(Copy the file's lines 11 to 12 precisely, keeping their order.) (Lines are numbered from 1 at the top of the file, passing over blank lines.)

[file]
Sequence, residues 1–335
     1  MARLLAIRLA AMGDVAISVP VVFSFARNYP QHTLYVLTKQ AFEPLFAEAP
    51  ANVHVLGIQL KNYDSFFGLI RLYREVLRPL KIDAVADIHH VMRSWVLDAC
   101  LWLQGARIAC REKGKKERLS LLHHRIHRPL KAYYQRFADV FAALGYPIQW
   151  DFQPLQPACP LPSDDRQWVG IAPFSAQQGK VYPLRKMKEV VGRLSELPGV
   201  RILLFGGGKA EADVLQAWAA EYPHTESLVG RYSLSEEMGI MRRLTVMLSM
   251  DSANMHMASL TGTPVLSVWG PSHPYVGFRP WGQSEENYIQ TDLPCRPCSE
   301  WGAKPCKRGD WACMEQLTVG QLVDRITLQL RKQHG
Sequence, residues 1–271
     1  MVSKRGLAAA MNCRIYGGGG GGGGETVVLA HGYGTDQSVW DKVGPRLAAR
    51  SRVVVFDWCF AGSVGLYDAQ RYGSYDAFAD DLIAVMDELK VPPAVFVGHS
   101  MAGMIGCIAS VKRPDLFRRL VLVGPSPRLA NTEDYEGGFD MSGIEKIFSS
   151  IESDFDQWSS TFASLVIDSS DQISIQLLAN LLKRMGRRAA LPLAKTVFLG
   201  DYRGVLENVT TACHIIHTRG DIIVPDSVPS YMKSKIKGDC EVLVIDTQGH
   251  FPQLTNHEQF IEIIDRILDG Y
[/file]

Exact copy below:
    51  SRVVVFDWCF AGSVGLYDAQ RYGSYDAFAD DLIAVMDELK VPPAVFVGHS
   101  MAGMIGCIAS VKRPDLFRRL VLVGPSPRLA NTEDYEGGFD MSGIEKIFSS